(Australia) – Cask Brewing Systems, makers of the small-scale canning gear that started North America’s canned craft beer phenomenon, is now supplying equipment to a growing list of Australian craft brewers.
Colonial Brewing (Margaret River, Western Australia), Green Beacon Brewing (Tenerife, Queensland) and Six String Brewing (Erina, New South Wales) and Pirate Life Brewing (Adelaide, Australia) have all recently begun canning on Cask’s history making microcanning equipment.
Why are these breweries turning their backs on brown bottles? “Cans are a better package for the beer,” says Six String head brewer/director Chris Benson.
The beer is not affected by light or oxygen so it will stay fresher for longer. Cans are also much lighter than bottles so we get more on a pallet when we ship it around, saving us freight and fuel costs.”
“The outdoor lifestyle here is a massive part of why we went with cans,” says Colonial’s Justin Fox. “There are so many occasions where you can’t enjoy a bottled beer outdoors. It’s not an issue with canned craft beer.
Green Beacon Brewing’s Andrew Sydes likes the improved portability and freshness keeping, along with the retro charm cans offer. “It brings you back to the days when you first drank beer,” he says. “But now it’s really good beer in that can.”
Cans are also good business for craft brewers. In 2014 sales of US canned six-packs were up 97% compared to 14% growth of bottles.
Canned craft beer is the hottest craft beer package in North America,” says Cask founder Peter Love. “Someday that will be the case in Australia. We just placed our first machines in several European countries and the response to canned craft beer there has been huge.”
“Packaged beer is a large part of sales in Australia,” Love adds. “Our canning machines give small brewers an affordable way to package their beer. And it allows them to put their beer in a package that’s portable, infinitely recyclable and gives their precious beer the ultimate protection from light and oxygen.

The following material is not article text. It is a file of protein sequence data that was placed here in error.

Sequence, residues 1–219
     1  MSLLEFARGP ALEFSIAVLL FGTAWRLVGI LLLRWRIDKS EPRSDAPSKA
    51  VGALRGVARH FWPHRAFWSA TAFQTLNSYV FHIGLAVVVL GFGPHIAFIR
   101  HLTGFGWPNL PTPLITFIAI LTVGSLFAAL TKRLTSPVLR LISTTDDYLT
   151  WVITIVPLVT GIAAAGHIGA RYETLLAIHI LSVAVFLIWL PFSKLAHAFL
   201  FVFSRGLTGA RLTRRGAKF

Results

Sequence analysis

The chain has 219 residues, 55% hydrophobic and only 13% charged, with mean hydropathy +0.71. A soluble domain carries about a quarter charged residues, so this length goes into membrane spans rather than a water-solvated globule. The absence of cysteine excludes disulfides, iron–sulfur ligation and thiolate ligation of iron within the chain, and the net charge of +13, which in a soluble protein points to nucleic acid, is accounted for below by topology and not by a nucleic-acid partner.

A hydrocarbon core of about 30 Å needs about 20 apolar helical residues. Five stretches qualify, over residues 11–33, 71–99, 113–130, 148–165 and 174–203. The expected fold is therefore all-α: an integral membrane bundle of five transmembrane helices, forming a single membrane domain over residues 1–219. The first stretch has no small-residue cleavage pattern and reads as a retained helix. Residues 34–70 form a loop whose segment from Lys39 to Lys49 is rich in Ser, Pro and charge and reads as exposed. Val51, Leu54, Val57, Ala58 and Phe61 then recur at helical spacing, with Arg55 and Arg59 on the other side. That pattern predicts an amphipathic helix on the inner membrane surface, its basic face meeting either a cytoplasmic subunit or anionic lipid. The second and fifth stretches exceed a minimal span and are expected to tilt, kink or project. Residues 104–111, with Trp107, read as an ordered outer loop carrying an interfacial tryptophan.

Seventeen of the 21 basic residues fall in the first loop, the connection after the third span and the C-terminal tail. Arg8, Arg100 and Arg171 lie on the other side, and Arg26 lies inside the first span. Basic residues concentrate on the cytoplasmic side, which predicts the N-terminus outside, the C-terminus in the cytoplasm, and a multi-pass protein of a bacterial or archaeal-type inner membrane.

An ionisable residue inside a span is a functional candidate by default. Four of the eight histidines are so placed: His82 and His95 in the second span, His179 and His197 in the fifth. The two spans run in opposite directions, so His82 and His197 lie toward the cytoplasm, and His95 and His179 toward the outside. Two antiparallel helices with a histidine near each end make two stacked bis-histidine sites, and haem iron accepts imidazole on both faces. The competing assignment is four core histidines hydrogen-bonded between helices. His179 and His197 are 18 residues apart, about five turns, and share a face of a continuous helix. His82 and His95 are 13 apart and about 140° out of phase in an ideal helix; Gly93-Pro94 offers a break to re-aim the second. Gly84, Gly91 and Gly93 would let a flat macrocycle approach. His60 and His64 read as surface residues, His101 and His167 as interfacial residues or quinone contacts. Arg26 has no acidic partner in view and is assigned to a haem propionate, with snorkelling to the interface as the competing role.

Cask Brewing Systems invented the canned craft beer concept. In 2002 Cask sold its first tabletop machine (it filled two cans at once and seamed one can at a time) to Oskar Blues Brewery & Pub in Colorado. The first US microbrewer to can its own beer, the tiny brewpub became a fast-growing success, growing from 700 barrels/year to 149,000 barrels/year in 12 years. Today over 300 of America’s 3000-plus craft brewers now can all or some of their beers.
Cask’s machines are especially affordable and compact, requiring as little as 16 square feet of space. They also provide an extremely low level of dissolved oxygen (15−20 parts per billion) that extends the shelf life and protects the flavor profile of the canned beer.
Cask’s history and expertise with micro-canning is important to Australian brewers. “For us it was the reputation Cask has in the craft canning industry,” says Benson, “along with the build quality and ease of use of the equipment.”
For Green Beacon’s Sydes, “Cask’s experience was very important for us. The machine had to be reliable, especially with us being so far from the manufacturer. It’s working really well for us.”
Green Beacon’s cans were released in November and are selling fast. “Our cans are already about 25% of our sales,” Sydes says. “They’re very popular, it has been ‘all hands on deck’ since we started canning.”
Colonial just released its four core beers in 375 ml. cans. “They are now on shelves,” Chris Benson says, “but they don’t stay on them for long. We are already struggling to keep up with demand.”
“Consumers definitely need education about cans,” says Colonial’s Fox, “but it’s not a hard process. Once we cover the benefits to the beer, the recycling and transport advantages, as well as more efficient use of Esky space and how quickly cans cool, people begin to come around. Then they take a sip and they are officially converted!”